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Re: ???strict??? strings?

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Tony Cook
January 5, 2020 22:55
Re: ???strict??? strings?
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On Sun, Jan 05, 2020 at 01:05:55PM -0500, Felipe Gasper wrote:
> > On Jan 5, 2020, at 10:07 AM, Zefram <> wrote:
> > 
> > Felipe Gasper wrote:
> >> Is there any supported text-decode operation, as per the
> >> input-decode-work-encode-output workflow described in `perlunitut`,
> >> that doesn't set that flag?
> > 
> > Yes.  Anyone who knows they're decoding Latin-1 is free to do it by *not*
> > calling any decoding function.  In general, anything that decodes to
> > any subset of the Latin-1 character repertoire is free to represent its
> > result in the internal Latin-1 encoding rather than the internal UTF-8.
> > Plenty of code that never generates non-Latin-1 characters does yield
> > downgraded results.
> The workflow you’re describing--considering a non-decode as equivalent to decoding as Latin-1--violates the workflow that `perlunitut` prescribes. At least, I submit that *most* people who read `perlunitut` would think that document inconsistent with what you’re saying. Moreover, the “implicit” Latin-1 decode you describe mismatches how Perl implements an explicit Latin-1 decode (i.e., adds the UTF8 flag).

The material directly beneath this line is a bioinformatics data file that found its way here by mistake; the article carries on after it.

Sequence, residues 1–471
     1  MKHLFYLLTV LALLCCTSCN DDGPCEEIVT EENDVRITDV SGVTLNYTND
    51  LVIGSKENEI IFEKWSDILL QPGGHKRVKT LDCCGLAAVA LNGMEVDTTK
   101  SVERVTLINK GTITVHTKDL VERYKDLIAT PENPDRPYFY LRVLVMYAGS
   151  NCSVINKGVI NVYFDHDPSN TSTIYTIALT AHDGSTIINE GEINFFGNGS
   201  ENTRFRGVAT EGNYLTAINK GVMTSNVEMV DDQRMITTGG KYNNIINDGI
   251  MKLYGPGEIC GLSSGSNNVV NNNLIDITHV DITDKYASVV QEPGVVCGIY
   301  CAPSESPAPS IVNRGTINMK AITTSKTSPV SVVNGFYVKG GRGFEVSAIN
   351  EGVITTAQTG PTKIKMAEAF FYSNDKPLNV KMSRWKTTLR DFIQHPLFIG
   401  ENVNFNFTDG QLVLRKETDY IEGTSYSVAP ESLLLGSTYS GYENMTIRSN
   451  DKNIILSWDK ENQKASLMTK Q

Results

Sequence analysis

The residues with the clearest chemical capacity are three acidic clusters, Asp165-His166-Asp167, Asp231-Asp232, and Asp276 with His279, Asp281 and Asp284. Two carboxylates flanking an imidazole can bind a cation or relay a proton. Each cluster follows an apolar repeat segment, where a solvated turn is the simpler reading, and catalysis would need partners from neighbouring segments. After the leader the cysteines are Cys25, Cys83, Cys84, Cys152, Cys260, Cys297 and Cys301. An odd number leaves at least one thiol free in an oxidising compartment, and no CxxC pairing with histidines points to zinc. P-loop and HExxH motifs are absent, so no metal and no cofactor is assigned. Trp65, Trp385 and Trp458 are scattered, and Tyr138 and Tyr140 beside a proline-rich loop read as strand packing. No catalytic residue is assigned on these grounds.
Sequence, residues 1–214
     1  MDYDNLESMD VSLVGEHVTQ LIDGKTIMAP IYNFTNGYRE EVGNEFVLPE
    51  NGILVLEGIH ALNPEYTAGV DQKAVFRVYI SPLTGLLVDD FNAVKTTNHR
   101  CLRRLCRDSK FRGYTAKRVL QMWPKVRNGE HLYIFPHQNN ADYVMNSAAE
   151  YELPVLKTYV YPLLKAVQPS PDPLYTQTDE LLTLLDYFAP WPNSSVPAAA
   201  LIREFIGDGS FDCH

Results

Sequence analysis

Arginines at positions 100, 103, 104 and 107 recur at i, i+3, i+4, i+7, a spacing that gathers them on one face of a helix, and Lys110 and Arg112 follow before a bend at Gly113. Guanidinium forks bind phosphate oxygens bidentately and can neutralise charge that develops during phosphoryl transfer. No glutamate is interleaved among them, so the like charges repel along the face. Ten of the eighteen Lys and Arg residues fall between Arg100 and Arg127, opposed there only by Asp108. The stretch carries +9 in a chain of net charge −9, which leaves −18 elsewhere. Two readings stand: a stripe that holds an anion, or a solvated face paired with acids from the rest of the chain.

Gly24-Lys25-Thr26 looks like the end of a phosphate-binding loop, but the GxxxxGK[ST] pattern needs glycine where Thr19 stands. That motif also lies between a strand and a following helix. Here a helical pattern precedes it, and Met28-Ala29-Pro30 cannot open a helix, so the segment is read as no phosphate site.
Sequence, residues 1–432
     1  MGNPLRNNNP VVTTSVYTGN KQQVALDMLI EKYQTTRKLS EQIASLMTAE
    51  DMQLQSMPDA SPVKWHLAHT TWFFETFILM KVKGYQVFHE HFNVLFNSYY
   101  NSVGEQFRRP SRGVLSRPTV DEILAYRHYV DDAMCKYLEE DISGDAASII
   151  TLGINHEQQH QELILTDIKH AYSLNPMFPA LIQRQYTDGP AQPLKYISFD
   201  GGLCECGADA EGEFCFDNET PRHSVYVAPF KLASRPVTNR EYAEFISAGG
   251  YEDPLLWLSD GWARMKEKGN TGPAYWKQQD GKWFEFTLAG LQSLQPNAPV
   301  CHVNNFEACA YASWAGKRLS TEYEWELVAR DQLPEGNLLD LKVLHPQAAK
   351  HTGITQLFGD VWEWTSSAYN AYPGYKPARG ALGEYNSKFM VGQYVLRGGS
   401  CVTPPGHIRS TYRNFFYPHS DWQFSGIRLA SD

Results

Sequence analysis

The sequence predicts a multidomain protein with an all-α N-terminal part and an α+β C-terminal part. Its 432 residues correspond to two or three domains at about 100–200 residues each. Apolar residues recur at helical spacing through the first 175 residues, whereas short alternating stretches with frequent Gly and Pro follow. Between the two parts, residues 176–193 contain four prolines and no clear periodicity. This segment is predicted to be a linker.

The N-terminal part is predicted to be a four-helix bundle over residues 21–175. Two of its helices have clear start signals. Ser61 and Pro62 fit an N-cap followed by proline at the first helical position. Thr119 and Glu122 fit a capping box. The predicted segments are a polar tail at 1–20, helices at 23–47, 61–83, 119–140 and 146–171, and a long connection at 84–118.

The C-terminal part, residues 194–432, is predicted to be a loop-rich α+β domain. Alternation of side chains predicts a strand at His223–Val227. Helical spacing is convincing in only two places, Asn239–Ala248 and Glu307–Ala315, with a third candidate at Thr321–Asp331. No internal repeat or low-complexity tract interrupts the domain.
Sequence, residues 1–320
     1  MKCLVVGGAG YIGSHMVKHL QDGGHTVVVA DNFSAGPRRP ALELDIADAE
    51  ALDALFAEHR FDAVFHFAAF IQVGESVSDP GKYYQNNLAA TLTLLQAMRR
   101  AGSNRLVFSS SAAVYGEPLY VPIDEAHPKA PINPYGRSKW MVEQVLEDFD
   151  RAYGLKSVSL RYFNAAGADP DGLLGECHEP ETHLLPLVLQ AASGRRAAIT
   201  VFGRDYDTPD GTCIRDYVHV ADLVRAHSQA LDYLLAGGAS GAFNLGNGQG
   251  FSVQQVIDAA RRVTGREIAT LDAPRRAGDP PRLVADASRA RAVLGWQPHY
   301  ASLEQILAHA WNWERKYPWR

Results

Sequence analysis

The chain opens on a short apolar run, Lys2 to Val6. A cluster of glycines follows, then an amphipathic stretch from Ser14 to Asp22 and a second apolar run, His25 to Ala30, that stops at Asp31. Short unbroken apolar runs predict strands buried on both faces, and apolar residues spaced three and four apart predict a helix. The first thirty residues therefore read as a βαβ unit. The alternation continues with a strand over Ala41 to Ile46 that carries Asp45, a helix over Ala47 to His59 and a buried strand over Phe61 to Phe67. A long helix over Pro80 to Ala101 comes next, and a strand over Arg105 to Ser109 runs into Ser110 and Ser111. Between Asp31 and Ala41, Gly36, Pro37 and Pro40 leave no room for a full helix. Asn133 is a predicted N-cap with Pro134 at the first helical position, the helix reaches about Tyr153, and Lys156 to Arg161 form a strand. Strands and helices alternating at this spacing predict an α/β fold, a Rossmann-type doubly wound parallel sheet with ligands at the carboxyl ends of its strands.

The UTF8 flag doesn't mark a SV (with PV) as a character string.  A SV
(with PV) without the UTF8 flag may be a character string.

> What I propose (“strictstrings”) is an opt-in mode of operation where Perl no longer would attempt to interpret un-decode()d strings as Latin-1. Everything that handles strings as text would have to explicitly decode/encode. Perl would thus more naturally interact with Python, JavaScript, Sereal (see below), CBOR, WebSocket, and whatever other popular technologies nowadays distinguish explicitly between text and binary.
> Like “use strict”, it wouldn’t break any existing code since it would be opt-in.

Well, first we'd need a separate byte or character string type.

> > 
> >> then is Sereal wrong for attempting to distinguish text from binary,
> >> apparently using this flag?
> > 
> > As far as I can see, Sereal does not advertise that it makes any
> > distinction between character strings and octet strings.  If it did,
> > it would be wrong for it to base such a distinction on perl's SvUTF8
> > flag.  What Sereal does do is preserve the internal encoding of strings
> > across serialisation.  This is more conservative than is required to be
> > considered correct, but is not in any way wrong.
> Sereal does indeed distinguish explicitly between character and octet strings:
> In this regard it’s consistent with the other such technologies that I mentioned above.

It calls the BYTES strings "binary/latin1 string", so to me it looks
like it only distinguishes on the encoding, not on whether it's some
special binary type.


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